Tony Montalbano’s family has been growing vegetables in south-east England for decades, uninterrupted by recessions, economic shocks or bouts of high inflation.
But this year, the soaring cost of heating his greenhouses as a result of an escalating energy crisis unleashed by Russia’s war in Ukraine has forced him to consider abandoning cultivation of his usual crop of cucumbers.
“The pricing has gone out of control, it’s ridiculously high,” Montalbano, 40, said of his energy bills. This year’s output from his farm in the county of Essex would be half its normal size because of his moves to reduce costs, he added. “Gas has just shot up and that’s something I hadn’t prepared myself for.”
Across Europe, farmers and food businesses are cutting production as they struggle to cope with soaring energy costs. Montalbano said his energy bill was about five times what it was this time last year. The prospect of seasonal food shortages has prompted industry warnings and frantic calls for government support, at a time when Russia’s president Vladimir Putin has cut gas flows in response to western sanctions.
Crops that require intensive heating in colder climates, such as cucumbers, tomatoes and lettuce, are the most directly affected. But the energy crisis is impacting the European food supply chain more broadly, with bakers, dairy farmers and other producers, including of sugar beet and olives, also struggling to pay bills, as costs rise much faster than the prices they can secure from wholesalers.
Pekka Pesonen, secretary-general of Copa-Cogeca, which represents EU farmers, said this week that the knock-on effects of high bills had been more severe than expected. The price of inputs such as fertilisers and animal feed had shot up, while rising refrigeration, heating and transport costs had deterred farmers from planting.
The EU is discussing plans to cap the price of energy for companies and households but also mandate reductions in use, which could hit farmers. The UK has unveiled a plan that would support businesses, but only for six months.
But it is already too late for many. Jimmy Russo, co-owner of UK-based Valley Grown Salads, said: “I suspect that 75-80 per cent of UK salad growers will not plant next year . . . because it doesn’t make any economic sense. It’s fair to say the salad sector has been abandoned.”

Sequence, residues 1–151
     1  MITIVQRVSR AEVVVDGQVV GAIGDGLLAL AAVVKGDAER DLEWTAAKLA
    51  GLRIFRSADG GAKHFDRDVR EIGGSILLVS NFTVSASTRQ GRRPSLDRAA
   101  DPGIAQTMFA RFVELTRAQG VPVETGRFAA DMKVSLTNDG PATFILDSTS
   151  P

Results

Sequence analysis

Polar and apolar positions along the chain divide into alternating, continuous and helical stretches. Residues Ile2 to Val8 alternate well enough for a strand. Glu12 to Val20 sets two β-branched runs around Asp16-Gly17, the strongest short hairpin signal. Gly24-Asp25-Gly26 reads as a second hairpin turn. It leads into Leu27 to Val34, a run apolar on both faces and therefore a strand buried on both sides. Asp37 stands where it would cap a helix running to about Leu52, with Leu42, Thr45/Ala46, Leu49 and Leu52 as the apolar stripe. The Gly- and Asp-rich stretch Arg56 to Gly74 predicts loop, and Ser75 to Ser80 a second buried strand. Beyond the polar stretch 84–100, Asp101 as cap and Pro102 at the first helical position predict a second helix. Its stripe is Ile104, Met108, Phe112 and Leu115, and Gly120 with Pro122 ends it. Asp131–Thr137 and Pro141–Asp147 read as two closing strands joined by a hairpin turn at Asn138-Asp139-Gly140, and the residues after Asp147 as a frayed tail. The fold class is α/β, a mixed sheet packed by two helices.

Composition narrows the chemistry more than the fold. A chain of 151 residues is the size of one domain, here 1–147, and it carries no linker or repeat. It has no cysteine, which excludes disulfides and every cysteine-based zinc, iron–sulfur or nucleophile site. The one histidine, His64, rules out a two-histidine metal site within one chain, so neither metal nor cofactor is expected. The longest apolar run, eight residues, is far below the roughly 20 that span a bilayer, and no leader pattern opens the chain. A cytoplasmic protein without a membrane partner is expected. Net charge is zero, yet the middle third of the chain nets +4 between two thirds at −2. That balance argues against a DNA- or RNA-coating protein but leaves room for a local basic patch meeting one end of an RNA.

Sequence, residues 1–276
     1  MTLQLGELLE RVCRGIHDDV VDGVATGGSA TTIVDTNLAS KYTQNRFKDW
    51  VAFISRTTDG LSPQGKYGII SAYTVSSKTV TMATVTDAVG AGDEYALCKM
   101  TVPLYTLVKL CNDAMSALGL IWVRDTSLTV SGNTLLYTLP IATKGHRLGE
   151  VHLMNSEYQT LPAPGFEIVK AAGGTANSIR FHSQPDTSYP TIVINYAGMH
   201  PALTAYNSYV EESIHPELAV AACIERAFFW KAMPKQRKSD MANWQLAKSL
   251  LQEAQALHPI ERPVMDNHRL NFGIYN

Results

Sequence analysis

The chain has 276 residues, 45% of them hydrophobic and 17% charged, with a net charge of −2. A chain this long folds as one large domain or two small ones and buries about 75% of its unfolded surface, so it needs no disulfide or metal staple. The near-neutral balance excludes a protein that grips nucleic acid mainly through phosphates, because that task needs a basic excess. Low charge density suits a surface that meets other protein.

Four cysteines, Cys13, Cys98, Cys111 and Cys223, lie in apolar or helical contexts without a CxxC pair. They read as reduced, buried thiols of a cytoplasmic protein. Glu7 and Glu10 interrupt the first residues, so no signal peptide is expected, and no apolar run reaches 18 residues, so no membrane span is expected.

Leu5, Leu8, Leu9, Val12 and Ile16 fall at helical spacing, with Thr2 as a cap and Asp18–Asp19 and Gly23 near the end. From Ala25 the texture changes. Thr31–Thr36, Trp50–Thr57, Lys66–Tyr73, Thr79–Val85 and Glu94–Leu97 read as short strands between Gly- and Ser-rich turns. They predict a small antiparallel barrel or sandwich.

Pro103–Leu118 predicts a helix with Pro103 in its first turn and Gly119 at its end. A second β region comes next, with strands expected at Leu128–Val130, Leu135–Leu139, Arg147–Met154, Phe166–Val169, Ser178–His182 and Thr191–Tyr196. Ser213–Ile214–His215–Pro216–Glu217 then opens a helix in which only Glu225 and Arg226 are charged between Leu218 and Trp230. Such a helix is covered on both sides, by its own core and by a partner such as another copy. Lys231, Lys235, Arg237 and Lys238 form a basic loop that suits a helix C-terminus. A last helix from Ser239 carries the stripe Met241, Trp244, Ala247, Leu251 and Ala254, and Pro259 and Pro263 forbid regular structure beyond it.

The hot weather this summer has compounded the problem, leaving Russo unable to grow most of his normal crop. But natural gas which last year cost him 50p a therm now costs £3.75, and he has been quoted £5 a therm for the winter.
“You can’t sell a cucumber at £2.50,” he said.
In the Netherlands, which accounts for almost a fifth of world tomato exports, many glasshouses are going dark. Companies that normally use lighting to help grow tomatoes “will most likely not do so in the coming winter due to the high electricity price”, said Alexander Formsma, energy specialist at Glastuinbouw Nederland.
Alfred Pedersen & Son, the largest tomato supplier in Sweden and Denmark, which operates 350,000 square metres of greenhouses, said it was also switching off this winter. It supplies supermarkets with 20,000 tonnes of tomatoes a year, of which about a quarter is produced in the winter.
Energy costs have surged tenfold compared with last year, said Torben Roll, its chief operating officer. “A huge amount of tomatoes will be missing” from the northern European supply chain, he said, adding that growers in warmer climes such as Spain and Morocco might not be able to fill the gap.
Some French sugar beet growers have had to bring forward their harvest because of fears of a potential winter gas shortage. Tereos, France’s largest sugar producer, said it would move early to begin the energy-intensive process of turning the beets into sugar.
“There were worries among industrial groups that if there were gas shortages, they could get cut off,” said Timothé Masson, an economist with the French beet producers’ union.
While rising energy prices most directly affect the use of heated greenhouses in colder climates, farmers in warmer climates are still being hit by higher input costs and extreme weather.
In Italy, where growers were already struggling with a drought over the summer, about a third of the country’s farmers are operating at a loss, according to research for Italy’s farming union Coldiretti by data analysis firm Centro Studi Divulga.
Filippo De Miccolis Angelini, a Coldiretti member who farms grains and vegetables including olives at his farm in the southern Puglia region, said his monthly energy bill had almost tripled compared with last year, while fertiliser prices were four times higher. “We’ll press the olives for sure, but we’re very scared of the costs,” he said.
Some farmers are also choosing to sell on the electricity that they agreed to buy at a fixed rate, rather than use it for agriculture. “I know farmers who have a fixed-price contract for two years . . . and calculated that it doesn’t make any sense to use it rather than sell it, trade it to someone else. It’s a business decision,” said one.
Back in south-east England, Montalbano said some fellow growers closer to retirement age were pulling out, while those who owned land were also cashing in. But as a younger tenant, he said he had few options but to look at less energy intensive crops, such as peppers.
“If I don’t grow, how do I pay my bills?” he said. “I’m keeping going from my savings, meaning I’m going backwards. So where do I go?”